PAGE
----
Black Republican candidates for the United States Senate
By Paul M. Weyrich
Republican National Chairman Kenneth B. Mehlman has gone out of his way to tell the Black community that it should not be taken for granted by Democrats but should give Republicans a second look. He cites various Republican initiatives, such as school choice, the No Child Left Behind measure and President George W. Bush's ownership society, as reasons for Black reconsideration.
I am convinced that Mehlman is sincere in not only wanting to see Blacks vote for Republicans but to see Black Republican candidates elected as well.
The game on the ground is very different, however. In two races the White Republican establishment is doing everything in its power to frustrate the Black candidate. In a third race the Party establishment has cleared the way for the Black candidate. In a fourth race only a Governor's strong support has caused the Black candidate to be in a reasonable position.
In Michigan the Reverend Keith A. Butler had worked tirelessly and had the Republican Senate nomination all but locked up. The other candidates had dropped out. Butler now could concentrate on Senator Deborah A. Stabenow (D-MI), the incumbent.
Then came word that Senator Elizabeth H. Dole (R-NC), the Chairman of the Republican Senatorial Campaign Committee, did not think Butler could win. So not only did she twist the arm of a sheriff of a populous country to jump back into the race which he earlier had abandoned but her minions were systematically contacting Michigan state legislators who had endorsed Butler to drop him in favor of his primary opposition.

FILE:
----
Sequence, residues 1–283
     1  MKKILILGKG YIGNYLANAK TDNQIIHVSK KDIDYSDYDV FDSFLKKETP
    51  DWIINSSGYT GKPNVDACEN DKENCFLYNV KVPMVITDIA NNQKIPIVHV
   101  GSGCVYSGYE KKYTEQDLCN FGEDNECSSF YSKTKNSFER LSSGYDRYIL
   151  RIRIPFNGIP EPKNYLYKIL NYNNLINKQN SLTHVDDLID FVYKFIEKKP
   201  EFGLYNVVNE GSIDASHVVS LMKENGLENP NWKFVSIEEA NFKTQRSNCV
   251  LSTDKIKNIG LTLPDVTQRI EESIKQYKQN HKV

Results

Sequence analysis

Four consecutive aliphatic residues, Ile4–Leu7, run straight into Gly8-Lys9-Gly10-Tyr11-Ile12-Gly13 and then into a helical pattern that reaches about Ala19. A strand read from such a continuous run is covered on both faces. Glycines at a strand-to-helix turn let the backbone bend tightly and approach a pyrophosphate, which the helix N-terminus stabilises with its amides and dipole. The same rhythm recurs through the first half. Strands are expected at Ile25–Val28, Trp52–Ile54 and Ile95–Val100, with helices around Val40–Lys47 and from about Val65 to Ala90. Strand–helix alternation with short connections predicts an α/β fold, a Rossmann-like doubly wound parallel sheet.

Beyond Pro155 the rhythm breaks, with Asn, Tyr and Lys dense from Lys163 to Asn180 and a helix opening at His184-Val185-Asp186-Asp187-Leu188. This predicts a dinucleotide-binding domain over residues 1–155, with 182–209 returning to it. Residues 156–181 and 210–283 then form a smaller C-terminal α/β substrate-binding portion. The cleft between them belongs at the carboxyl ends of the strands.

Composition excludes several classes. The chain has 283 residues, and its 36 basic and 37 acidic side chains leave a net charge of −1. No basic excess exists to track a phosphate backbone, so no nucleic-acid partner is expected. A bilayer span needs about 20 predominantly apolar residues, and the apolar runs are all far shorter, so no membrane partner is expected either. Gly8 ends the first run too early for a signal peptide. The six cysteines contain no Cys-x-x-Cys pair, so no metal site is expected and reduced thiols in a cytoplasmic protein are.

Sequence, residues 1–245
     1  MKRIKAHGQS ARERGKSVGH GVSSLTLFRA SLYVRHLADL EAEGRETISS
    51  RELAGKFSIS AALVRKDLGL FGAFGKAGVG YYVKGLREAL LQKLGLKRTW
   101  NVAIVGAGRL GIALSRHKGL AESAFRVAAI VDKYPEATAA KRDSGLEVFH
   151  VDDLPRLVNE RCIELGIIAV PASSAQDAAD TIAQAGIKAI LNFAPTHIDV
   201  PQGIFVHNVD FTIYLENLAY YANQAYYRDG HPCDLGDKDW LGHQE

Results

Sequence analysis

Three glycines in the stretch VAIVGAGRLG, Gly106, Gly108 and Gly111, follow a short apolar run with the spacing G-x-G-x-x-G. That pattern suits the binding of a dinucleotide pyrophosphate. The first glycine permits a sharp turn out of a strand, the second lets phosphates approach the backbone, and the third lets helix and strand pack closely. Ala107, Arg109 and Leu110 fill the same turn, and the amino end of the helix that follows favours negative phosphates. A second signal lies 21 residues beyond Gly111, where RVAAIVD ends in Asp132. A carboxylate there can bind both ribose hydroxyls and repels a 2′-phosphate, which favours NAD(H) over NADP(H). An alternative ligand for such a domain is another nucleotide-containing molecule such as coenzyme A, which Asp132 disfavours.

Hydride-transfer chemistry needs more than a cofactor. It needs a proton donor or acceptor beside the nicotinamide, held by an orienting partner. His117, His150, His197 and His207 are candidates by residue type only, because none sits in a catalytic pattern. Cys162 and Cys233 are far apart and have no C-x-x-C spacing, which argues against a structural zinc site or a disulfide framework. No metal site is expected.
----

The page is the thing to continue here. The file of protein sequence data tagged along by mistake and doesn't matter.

Butler is a remarkable candidate. Not only was he the first Republican since the Roaring 20s to be elected as a conservative Republican to the Detroit City Council but he won an at-large seat, meaning he had carried a citywide vote. He left at the end of his four-year term because the minds of the others on the Council, usually the favorites of the very far-left Mayors Detroit has had, were absolutely closed to new ideas. They didn't even want to hear about different approaches to solving the City's monumental problems. In their view money would solve everything and there never was enough of it. Butler is an innovator and in his mission he has fed and clothed tens of thousands of the poorest residents of Michigan without government assistance. Many of these he has helped find good jobs and lead stable lives.
What has Washington forced Keith Butler to do? He must raise several million dollars to run a late primary. The victor coming out of that primary necessarily will be weakened and will have a tough job raising the many millions required to defeat an incumbent Democratic Senator, especially one who seemingly has strengthened her position in recent weeks.
If Washington had just left well enough alone, I believe that Butler would have pulled off the surprise election of 2006. Now it doesn't look as good and that is the fault of the White Republican establishment, which welcomes candidates like Butler with one hand and stabs them in the back with the other.